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1h
comment Why does java.util.Optional not have Some and None subclasses?
Since it uses a static factory method for instantiation, there's nothing stopping subclassing in the future.
1h
comment Why does java.util.Optional not have Some and None subclasses?
So basically we are speculating about a version of Java that hasn't even been designed yet? Good luck with that. :)
1h
comment Why does java.util.Optional not have Some and None subclasses?
Optional<int> isn't valid syntax, so I wouldn't worry about it. There is however OptionalInt, which handles all the values correctly, specifically OptionalInt.of(0).isPresent() == true
2h
comment Why does java.util.Optional not have Some and None subclasses?
It doesn't have to check it for every operation, as value is final. As it happens, the check is there but is unlikely to stay there after JIT compilation. Having said that, I don't really understand what your problem is. If you find yourself calling Optional.isPresent() a lot, you're probably doing something wrong. What is it you are actually trying to achieve?
15h
comment Java Game Physics - Determine intersection and collision detection
Knowing the points are in a connected order (e.g. they form the boundary of the object), is it then logical to say I could just use a number of line intersection methods to find if the character intersected with the border of my polygon? If we're talking about two polygons in 2D, then yes.
19h
comment Java: Keep order using threads
It would be good if you explained what other things you have to do in the log process because most logging frameworks (like log4j) are extensible, so it's quite possible that writing a custom appender is the easiest way forward.
19h
comment Java: Keep order using threads
@OscarSan Yes, because then your code runs in a single thread.
19h
comment Java: Keep order using threads
Timestamps won't enforce the "correct" order either, first of all they have a limited resolution, secondly, the problem seems to be that the "natural" order is not what OP wants.
19h
comment Java: Keep order using threads
At the end of the day if you're running multi-threaded code, there is no "before" and "after" any more, unless you force threads to wait for each other. So it doesn't matter what data structure you're using to record the log calls, you'll get the messages in an arbitrary order. Unless you make the calls themselves ordered.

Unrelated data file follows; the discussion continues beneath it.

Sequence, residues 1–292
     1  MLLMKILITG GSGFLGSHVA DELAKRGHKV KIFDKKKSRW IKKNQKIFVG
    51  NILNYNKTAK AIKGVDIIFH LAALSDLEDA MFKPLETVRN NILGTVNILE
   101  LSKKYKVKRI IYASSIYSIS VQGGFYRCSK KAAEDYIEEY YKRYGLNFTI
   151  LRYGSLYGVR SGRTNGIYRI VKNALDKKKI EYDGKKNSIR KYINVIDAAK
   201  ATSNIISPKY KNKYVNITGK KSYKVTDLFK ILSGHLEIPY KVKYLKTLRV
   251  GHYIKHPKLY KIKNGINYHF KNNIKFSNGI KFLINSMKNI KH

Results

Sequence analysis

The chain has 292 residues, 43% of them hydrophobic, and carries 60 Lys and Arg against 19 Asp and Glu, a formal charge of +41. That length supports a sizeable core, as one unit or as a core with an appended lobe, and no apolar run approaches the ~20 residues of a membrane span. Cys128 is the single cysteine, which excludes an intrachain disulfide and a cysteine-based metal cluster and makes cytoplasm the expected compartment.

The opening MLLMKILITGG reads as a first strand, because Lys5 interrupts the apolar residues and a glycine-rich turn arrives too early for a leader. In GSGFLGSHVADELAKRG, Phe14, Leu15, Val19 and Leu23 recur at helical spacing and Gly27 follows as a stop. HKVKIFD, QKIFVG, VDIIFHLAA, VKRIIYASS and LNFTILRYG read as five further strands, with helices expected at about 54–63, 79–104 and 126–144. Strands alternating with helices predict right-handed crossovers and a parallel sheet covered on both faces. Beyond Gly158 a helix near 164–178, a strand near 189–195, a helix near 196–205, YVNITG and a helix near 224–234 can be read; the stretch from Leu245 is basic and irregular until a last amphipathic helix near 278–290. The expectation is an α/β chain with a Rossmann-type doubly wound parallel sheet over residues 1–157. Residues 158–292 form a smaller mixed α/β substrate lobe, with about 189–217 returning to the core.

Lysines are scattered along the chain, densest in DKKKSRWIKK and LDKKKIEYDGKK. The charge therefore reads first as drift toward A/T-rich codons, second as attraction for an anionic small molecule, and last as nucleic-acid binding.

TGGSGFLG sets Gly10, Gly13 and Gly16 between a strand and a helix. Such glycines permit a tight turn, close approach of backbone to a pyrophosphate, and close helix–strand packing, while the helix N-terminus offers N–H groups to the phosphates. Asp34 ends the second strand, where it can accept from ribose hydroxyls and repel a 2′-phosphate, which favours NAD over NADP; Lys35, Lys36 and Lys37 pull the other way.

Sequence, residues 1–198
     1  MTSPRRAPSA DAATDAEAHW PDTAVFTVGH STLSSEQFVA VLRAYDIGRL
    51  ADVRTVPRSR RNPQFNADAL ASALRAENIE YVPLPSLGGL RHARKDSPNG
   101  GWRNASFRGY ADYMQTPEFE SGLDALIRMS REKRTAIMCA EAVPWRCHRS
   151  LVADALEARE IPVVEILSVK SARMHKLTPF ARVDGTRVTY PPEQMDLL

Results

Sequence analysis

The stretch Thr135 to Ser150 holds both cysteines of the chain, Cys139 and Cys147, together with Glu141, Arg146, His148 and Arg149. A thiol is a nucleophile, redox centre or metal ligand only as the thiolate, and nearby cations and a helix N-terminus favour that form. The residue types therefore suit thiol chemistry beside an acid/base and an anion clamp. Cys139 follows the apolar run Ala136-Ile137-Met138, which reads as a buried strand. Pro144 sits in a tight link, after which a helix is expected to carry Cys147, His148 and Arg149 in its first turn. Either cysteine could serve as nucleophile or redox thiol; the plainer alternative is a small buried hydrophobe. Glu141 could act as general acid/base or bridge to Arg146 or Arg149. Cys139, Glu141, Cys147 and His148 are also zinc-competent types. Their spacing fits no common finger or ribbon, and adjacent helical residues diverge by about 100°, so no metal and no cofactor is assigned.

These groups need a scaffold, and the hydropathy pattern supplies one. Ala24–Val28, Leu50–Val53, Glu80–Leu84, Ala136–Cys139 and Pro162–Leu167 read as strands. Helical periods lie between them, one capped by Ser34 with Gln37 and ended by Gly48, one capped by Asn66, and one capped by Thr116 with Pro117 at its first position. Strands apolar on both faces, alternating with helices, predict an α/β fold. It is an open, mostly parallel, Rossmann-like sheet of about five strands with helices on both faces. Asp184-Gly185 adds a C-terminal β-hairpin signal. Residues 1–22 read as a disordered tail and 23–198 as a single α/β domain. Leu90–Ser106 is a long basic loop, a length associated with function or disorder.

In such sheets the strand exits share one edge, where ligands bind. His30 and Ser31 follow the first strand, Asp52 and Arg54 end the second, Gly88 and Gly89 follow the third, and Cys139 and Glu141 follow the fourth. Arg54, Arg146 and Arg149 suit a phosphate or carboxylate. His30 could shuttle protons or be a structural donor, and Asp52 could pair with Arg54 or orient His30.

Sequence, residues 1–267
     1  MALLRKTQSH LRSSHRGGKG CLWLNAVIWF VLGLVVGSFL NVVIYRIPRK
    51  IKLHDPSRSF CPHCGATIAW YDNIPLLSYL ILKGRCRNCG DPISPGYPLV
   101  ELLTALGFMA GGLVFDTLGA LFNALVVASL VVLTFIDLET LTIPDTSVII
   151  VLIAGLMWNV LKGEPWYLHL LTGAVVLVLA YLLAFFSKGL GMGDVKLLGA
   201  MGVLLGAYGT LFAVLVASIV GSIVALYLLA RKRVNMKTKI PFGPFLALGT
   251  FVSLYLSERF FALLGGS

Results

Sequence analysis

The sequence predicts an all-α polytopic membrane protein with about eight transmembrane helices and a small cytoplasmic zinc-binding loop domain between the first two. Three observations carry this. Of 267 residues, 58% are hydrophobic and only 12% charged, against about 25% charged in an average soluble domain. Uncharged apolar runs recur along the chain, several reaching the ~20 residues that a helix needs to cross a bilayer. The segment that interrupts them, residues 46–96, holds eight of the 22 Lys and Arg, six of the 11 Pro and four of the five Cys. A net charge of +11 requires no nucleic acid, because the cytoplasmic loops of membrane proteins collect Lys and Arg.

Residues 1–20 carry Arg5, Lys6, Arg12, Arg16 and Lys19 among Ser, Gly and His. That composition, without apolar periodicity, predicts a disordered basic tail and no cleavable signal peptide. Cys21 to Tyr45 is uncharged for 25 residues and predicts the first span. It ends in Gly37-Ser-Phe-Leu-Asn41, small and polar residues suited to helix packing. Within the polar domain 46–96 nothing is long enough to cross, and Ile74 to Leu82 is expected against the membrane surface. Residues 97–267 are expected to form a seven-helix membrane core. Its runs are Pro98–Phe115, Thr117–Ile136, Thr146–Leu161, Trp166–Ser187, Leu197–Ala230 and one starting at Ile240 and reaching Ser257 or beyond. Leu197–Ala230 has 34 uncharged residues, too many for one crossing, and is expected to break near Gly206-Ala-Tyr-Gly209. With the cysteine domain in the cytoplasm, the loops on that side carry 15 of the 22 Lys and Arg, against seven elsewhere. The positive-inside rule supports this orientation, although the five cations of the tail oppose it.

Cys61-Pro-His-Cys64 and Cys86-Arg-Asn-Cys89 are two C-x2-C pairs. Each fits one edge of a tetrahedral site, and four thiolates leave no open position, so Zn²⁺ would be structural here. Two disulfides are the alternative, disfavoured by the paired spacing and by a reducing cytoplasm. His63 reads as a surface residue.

1d
comment Subclassing with inner classes, serializing only outer
This doesn't really answer the question but when things get complicated, I generally avoid using inner classes and pass an instance of ASuper to Inner explicitly in the constructor.
1d
revised How to detect memory Leak in Java application outside the heap?
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1d
revised How to detect memory Leak in Java application outside the heap?
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1d
comment How to detect memory Leak in Java application outside the heap?
@Joeblade Native memory is allocated by JVM code for other purposes too, it isn't just the heap you can examine with it. But yeah, it's got its limitations and it may not work in this case. It's still a feature worth knowing about.
1d
answered How to detect memory Leak in Java application outside the heap?
1d
revised Why HashSet calling compareTo method and causing NullPointerException
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1d
revised Why HashSet calling compareTo method and causing NullPointerException
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1d
answered Why HashSet calling compareTo method and causing NullPointerException
1d
comment Performance in Reading data to memory java
Another thing you can do is give your ArrayList a large initial capacity. ArrayLists are created with a very small initial capacity by default (I think it's 10 elements) and every time you exceed capacity, it is increased by a factor of 1.5, requiring copying the entire backing array to the new location.
1d
comment Performance in Reading data to memory java
@fTTTTT Yes. If we're talking about structured data, there are plenty of alternatives, starting from a database (embedded or external), or simply parsing the lines into more efficient Java structures.
1d
comment Performance in Reading data to memory java
I still think you shouldn't read the entire file into memory as a string in the first place, seeing as you're dealing with a csv file.